Janet’s heart soared. One of her dearest friends, Lady Mairi, daughter of the Earl of Cromartie and Dunn’s lovely wife, waved. Returning the gesture, Janet hastened to follow her brother to the table. The two men shook hands while she slid onto the chair beside her friend. “I’m so happy to see you. I was afraid I would be following Kennan to and fro for the entire sennight.”
“What about John and Alan? Did your younger brothers not come?”
“Nay, they are both away at university.”
“Then I agree, spending all your time with one brother for a sennight would be miserable.” Mairi grasped Janet’s hand, grinning and stretching the splay of freckles across her nose. “I’ve ever so much to do. I would be delighted to have you accompany me.”
“To the haberdasher?”
“Indeed, that will be our most important stop.”
Janet nearly squealed. “We might need a whole day just for that shop.”
“Oh, this will be fun. Though I must drop the woolens I’ve knitted at the Highland Benevolent Society first.”
“Bless your heart, dearest. ’Tis very kind of you to always be thinking of the unfortunate.”
Dunn flagged a barmaid. “Ale, bread, and pottage all around, if you please.”
The woman, looking haggard, gave him an exasperated nod. “Aye, sir, but it will be some time. We expected half these numbers.”
An icy chill crept over Janet’s skin when the door opened with a whoosh. All eyes shifted to soldiers dressed in scarlet. Not a one smiled as they sauntered inside with muskets slung over their shoulders and daggers at their hips. The laughter transformed into intense silence.
People scuttled away while the officer leading the retinue turned full circle, his heels clomping against the floorboards. “I am Lieutenant Winfred Cummins, in charge of keeping the peace at this uncivilized, pagan gathering.”
Low murmurs of dissent rumbled through the hall. Janet knew him, unfortunately. He oft called into Achnacarry when his regiment rode out on “peacekeeping sorties.”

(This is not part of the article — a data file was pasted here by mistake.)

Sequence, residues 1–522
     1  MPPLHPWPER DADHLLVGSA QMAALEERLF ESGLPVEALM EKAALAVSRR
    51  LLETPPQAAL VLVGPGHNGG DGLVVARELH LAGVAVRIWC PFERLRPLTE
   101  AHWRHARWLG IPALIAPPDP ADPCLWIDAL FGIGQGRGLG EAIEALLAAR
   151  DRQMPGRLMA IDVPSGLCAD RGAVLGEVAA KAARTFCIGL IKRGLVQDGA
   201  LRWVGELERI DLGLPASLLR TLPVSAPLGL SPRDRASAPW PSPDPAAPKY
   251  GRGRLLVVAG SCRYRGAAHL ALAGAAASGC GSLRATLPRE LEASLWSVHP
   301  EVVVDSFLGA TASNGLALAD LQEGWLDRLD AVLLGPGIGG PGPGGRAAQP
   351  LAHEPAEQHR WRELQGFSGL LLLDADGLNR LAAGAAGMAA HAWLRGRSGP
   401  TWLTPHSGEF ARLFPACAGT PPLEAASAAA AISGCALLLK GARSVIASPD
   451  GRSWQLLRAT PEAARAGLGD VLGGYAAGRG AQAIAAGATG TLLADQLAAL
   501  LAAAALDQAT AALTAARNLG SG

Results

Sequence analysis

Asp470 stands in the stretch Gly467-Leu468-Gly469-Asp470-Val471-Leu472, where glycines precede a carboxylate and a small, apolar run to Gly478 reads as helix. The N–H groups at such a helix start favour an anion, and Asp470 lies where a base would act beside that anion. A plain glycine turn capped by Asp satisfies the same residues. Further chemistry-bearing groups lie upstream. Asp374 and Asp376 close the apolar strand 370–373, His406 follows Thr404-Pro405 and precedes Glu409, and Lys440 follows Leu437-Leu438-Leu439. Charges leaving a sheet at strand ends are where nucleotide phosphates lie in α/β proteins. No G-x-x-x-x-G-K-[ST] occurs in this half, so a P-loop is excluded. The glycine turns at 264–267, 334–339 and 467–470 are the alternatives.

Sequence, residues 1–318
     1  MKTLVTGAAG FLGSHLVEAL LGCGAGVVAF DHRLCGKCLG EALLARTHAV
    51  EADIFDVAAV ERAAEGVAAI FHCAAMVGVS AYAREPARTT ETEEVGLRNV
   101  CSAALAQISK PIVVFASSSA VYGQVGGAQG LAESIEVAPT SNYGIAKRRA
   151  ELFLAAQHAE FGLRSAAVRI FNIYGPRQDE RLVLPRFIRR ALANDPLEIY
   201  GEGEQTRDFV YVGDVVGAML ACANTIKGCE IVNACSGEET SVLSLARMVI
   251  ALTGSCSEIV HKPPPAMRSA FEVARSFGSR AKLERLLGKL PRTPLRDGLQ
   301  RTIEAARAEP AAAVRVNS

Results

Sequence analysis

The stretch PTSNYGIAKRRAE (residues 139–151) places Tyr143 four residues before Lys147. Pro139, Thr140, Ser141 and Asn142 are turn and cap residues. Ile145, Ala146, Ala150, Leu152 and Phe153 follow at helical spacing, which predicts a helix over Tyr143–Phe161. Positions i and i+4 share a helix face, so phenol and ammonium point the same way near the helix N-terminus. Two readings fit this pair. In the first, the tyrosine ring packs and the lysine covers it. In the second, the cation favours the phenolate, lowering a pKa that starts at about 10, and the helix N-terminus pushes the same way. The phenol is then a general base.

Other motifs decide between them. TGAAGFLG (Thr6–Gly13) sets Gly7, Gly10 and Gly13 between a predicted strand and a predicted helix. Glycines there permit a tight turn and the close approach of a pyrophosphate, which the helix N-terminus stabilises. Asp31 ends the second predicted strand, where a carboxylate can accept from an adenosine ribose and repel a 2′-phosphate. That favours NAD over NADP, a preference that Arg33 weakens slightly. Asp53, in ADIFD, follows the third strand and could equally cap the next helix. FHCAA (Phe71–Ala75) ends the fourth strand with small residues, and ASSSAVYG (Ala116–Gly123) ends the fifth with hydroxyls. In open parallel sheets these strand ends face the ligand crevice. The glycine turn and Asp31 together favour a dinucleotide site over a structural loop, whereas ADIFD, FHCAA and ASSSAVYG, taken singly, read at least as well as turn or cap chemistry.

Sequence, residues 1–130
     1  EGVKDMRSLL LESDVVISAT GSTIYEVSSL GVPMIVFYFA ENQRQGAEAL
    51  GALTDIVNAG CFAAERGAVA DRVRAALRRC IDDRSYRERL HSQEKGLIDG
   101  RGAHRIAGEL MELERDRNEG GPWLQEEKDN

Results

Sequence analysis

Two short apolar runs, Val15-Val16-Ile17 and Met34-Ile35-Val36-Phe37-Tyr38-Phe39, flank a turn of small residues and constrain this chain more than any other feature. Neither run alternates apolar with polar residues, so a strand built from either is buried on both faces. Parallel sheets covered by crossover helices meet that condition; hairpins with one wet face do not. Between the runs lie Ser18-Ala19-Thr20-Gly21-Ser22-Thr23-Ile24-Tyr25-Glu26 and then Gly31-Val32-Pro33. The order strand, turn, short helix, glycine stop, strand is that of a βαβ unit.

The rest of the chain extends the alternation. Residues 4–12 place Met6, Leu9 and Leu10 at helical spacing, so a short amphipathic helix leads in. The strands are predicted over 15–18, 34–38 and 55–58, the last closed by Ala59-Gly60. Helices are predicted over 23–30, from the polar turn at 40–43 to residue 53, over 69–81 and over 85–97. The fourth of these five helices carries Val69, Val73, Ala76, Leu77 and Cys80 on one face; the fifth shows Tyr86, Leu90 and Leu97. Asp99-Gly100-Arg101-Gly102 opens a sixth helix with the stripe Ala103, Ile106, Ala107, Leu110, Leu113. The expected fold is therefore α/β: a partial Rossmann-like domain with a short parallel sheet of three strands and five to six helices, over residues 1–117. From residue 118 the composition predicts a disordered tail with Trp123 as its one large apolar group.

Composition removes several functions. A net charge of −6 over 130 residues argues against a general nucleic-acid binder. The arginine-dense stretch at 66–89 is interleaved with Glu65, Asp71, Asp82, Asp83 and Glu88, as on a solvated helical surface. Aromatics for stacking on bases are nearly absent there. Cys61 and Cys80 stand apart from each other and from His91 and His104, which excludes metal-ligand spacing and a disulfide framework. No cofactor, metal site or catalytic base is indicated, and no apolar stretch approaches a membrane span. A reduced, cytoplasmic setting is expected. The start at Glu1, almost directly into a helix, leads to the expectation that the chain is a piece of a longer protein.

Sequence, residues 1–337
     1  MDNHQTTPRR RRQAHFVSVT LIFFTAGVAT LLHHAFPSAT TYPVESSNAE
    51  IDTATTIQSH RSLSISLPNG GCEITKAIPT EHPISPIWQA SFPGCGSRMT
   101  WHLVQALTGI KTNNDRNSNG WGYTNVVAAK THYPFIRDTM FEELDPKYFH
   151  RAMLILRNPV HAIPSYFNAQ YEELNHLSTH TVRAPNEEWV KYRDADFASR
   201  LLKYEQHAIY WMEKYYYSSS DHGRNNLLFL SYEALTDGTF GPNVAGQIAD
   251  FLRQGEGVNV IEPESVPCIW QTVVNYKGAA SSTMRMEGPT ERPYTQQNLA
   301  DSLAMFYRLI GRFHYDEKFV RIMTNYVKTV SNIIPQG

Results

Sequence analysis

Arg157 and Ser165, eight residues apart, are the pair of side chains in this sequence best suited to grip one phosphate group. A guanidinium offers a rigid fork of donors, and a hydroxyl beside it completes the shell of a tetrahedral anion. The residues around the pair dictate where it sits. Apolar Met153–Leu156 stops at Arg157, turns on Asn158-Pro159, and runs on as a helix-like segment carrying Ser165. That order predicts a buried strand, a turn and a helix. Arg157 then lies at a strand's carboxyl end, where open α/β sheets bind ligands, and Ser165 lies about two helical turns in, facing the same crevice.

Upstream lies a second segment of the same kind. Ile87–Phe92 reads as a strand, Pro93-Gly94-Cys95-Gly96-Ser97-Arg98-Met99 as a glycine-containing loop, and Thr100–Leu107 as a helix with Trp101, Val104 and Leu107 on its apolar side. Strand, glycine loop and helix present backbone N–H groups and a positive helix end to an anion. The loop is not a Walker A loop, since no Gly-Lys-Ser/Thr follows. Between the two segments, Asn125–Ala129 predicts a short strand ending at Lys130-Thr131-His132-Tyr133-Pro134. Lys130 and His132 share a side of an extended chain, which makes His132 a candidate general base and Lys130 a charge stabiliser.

He stopped and glared directly at her. “All disturbers of the peace will be escorted to Fort William and face the magistrate. There will be no malicious maiming of cattle, no poaching, no begging without a license, and all persons caught with a blackened face after dark will promptly be led to the gallows.”
Janet drew her hand to her chest, leaned toward her friend, and whispered, “I have no idea why he’s looking our way. He should be speaking to the drovers at the bar.”
Mairi opened her fan and held it over her mouth. “He’s looking at you, lass.”
Janet slipped lower in her chair. “Heavens, no. That man is a snake.”
“You know him?” Mairi asked while the soldiers shouldered through the crowd.
“Aye, as does everyone who lives within twenty miles of Fort William. He’s notorious.”
“I do not doubt it.” Her Ladyship snapped her fan shut. “When a dragoon dons a red coat, it seems his mind is instantly addled.”
“You have a way with words, wife,” Dunn said.
Again Janet’s attention was drawn to the opening door. A wee gasp whispered through her lips while butterflies swarmed through her stomach just as they’d done when Robert Grant had ridden his enormous black horse into the stables earlier that day. She clenched her elbows to her sides, making the queasiness stop. The man was too unnerving. Especially today. He was unshorn and unkempt, and his hawkish eyes shifted across the scene as if assessing everything.
Janet brushed a hand over her curls. “That man is simply barbaric.” Barbaric and nerve racking. Every time their gazes met, he made her too self-aware. Curses to his braw looks, Mr. Grant was diabolical. And why was it that the most handsome of men always behaved like complete brutes?
“Aye, Grant looks as though he’s been mustering cattle in the Highlands for months,” Her Ladyship agreed.
Kennan snorted. “That brigand is mad—looks it, as well. As we were arriving, he had the audacity to accuse my kin of thieving his cattle.”
Dunn looked to the bar, where the big Highlander had shouldered in beside the other drovers. “Grant is a mite mistrustful of neighboring clans. He has cause, after all. But he’s a good man.” When Kennan guffawed, MacRae clapped him on the shoulder. “Though he’s wrong about the Camerons.”
“What do you mean, sir?” Janet leaned in. “I do not believe Mr. Grant to be a good man at all.”
“Och, you’ll find a heart of gold under that rugged exterior, lassie.” MacRae winked. “I’ll tell ye true, there’s no man I’d rather have fighting beside me in battle. Robert Grant’s loyalty may be hard to win, but once earned, you will not find a man more steadfast and true.”
Mairi gave Janet a nudge. “I thought you found him a wee bit braw.”